642 F2d 721 Union Insurance Society of Canton Limited v. Ss Elikon

642 F.2d 721

S.S. ELIKON, her engines, boilers etc., in rem and Deutsche
Dampfschiffahrts-Gesellschaft, "Hansa", in
personam, Appellees.

No. 80-1343.

United States Court of Appeals,
Fourth Circuit.

Richard I. Gulick, Norfolk, Va. (Frances S. Gerwin, Gulick & Maynard, Norfolk, Va., on brief), for appellant.

Charles F. Tucker, Vandeventer, Black, Meredith & Martin, Norfolk, Va., on brief), for appellees.

Before WINTER, SPROUSE and ERVIN, Circuit Judges.

WINTER, Circuit Judge:

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Union Insurance Society of Canton, Ltd., a marine insurer incorporated under the law of a country other than the United States, brings this suit as subrogee to recover damages to cargo it insured carried by the S/S Elikon from the United States to Kuwait. On the basis of a forum selection clause in the bill of lading requiring litigation of the suit in a German court, the district court dismissed the suit for want of jurisdiction. The Society appeals. We reverse, remanding the case for further proceedings in the district court.



This case arose out of a contract to sell American-manufactured air conditioners to a customer in the Middle East. The General Electric Company delivered 2100 cartons of its window-type air conditioners manufactured at its Louisville, Kentucky, plant to the S/S Elikon, a German freighter owned by Deutsche Dampfschiffahrts-Gesellschaft (Hansa), for shipment from Newport News, Virginia, to the Port of Kuwait on the Persian (Arabian) Gulf. Representatives of Hansa executed and delivered two clean bills of lading for the cargo to General Electric. On delivery in Kuwait, the cargo was damaged. The Society, as marine insurer, paid a substantial claim to the Middle Eastern consignee of the cargo, and it sues Hansa to recover its loss.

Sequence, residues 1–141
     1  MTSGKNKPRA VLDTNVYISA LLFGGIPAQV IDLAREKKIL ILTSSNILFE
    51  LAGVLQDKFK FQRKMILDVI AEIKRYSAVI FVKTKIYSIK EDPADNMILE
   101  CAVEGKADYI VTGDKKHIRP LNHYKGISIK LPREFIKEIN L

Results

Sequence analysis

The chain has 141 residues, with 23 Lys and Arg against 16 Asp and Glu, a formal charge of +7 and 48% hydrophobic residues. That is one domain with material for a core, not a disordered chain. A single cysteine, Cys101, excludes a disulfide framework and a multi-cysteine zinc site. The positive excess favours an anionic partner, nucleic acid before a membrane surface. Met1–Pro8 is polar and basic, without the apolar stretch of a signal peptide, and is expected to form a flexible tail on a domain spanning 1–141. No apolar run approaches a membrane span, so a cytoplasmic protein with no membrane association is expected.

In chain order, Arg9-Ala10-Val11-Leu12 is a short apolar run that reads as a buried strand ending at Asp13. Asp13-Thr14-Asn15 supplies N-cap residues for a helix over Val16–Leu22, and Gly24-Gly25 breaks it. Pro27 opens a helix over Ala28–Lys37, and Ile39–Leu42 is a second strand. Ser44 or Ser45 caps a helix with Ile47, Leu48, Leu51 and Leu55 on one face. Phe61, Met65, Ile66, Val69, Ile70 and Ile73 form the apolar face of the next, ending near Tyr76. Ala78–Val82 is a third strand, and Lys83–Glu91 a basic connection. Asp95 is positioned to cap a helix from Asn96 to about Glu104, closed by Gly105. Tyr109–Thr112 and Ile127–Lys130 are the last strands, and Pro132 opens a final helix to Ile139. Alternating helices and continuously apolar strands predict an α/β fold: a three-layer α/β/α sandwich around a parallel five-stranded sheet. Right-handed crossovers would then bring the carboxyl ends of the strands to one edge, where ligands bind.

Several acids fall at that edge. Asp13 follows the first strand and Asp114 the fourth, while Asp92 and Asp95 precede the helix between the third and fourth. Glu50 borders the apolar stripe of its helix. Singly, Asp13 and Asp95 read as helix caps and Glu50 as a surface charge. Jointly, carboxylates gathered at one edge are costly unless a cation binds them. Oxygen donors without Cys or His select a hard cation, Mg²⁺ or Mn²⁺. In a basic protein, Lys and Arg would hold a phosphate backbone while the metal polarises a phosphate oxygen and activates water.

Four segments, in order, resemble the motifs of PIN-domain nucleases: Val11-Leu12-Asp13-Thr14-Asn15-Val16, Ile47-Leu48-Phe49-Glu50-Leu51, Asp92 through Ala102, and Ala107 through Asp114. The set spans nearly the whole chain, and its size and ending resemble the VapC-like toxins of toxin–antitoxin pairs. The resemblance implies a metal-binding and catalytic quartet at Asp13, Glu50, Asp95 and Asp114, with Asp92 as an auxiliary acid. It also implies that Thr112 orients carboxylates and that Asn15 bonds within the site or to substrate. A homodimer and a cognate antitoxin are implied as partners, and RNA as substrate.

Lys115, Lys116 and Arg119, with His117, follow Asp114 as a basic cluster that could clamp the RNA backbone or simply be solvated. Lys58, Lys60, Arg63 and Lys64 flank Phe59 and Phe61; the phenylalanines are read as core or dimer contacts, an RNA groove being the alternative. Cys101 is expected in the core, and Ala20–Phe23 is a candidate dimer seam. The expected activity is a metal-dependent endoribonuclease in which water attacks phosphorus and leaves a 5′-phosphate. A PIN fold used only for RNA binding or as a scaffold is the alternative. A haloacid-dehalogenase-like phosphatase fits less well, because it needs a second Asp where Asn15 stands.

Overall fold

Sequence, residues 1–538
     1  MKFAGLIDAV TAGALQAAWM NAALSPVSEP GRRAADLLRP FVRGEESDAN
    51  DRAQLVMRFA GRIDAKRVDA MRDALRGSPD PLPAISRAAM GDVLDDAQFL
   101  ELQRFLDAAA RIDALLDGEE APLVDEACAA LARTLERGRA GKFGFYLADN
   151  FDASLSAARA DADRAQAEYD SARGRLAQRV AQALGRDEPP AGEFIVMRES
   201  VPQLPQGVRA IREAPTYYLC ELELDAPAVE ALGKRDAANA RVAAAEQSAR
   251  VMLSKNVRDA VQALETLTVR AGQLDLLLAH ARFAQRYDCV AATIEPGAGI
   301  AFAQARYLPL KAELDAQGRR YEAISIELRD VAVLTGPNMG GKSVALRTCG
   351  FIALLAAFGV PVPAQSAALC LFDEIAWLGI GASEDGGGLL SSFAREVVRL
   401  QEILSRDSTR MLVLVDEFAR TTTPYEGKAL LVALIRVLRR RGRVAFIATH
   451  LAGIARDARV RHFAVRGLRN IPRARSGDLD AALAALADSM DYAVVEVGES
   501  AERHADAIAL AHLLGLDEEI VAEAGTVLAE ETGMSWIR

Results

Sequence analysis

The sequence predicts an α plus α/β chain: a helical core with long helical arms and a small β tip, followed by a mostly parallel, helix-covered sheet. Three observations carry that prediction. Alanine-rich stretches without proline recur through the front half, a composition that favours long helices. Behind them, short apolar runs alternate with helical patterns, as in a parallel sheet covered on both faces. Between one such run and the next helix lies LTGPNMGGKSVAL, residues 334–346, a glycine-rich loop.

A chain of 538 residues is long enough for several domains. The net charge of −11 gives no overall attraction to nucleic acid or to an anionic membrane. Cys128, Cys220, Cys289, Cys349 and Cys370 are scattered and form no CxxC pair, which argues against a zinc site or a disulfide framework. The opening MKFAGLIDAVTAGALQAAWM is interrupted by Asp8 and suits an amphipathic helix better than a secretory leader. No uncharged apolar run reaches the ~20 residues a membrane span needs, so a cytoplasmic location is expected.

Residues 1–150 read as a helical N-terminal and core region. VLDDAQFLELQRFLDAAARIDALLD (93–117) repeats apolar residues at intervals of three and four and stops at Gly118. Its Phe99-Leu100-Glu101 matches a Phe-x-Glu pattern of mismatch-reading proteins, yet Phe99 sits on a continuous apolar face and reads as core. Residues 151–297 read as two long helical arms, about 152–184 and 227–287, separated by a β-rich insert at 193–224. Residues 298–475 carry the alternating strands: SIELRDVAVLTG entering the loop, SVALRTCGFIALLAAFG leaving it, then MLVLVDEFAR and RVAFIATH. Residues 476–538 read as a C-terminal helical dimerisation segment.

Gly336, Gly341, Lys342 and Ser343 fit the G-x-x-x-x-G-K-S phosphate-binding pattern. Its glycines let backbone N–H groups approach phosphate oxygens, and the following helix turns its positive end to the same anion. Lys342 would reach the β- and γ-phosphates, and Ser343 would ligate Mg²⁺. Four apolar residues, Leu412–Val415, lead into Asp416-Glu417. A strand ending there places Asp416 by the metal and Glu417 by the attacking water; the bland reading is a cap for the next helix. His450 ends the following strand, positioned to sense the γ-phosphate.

The bills of lading were preprinted forms supplied by Hansa. Clause 1 provided that the bill was subject to the provisions of the Carriage of Goods by Sea Act (COGSA). Clause 20, however, provided that the laws of the Federal Republic of Germany would apply to actions on the bill, and that such actions were to be brought exclusively in the Court of Bremen in West Germany.1


Notwithstanding forum selection clause 20, but pursuant to COGSA, 46 U.S.C. §§ 1300 et seq. (1976), the Society brought this action in admiralty in the United States District Court for the Eastern District of Virginia, the forum in which the cargo and the bills of lading were exchanged for the shipment from the United States to Kuwait. Hansa challenged the jurisdiction of the district court, asserting that the forum selection clause should control. The district court agreed. Relying upon the authority of M/S Bremen v. Zapata Off-Shore Co., 407 U.S. 1, 92 S.Ct. 1907, 32 L.Ed.2d 513 (1972), it ruled that the forum selection clause validly precluded litigation of the case in the Eastern District of Virginia so long as the Society could maintain its action in the German court. The district court added that the fact both parties were foreigners supported its refusal to accept jurisdiction.



In our opinion, the district court accorded insufficient weight to the application of COGSA in reaching its determination. COGSA reflects explicit congressional concerns about bills of lading in foreign trade. In view of those concerns, the forum selection clause in Hansa's bills of lading cannot alone preclude the district court from entertaining jurisdiction of this case.


The bills of lading that are the subject of this litigation are undisputedly governed by COGSA. The statute provides that "(e)very bill of lading ... which is evidence of a contract for the carriage of goods by sea to or from the ports of the United States, in foreign trade, shall have effect subject to the provisions of this chapter." 46 U.S.C. § 1300. Hansa's bills of lading represented a contract for shipping the air conditioners from Newport News to Kuwait, a transaction unambiguously within the terms of the statute. See id. § 1312. Clause 1 of the bills themselves recites the application and indeed the incorporation by reference of COGSA.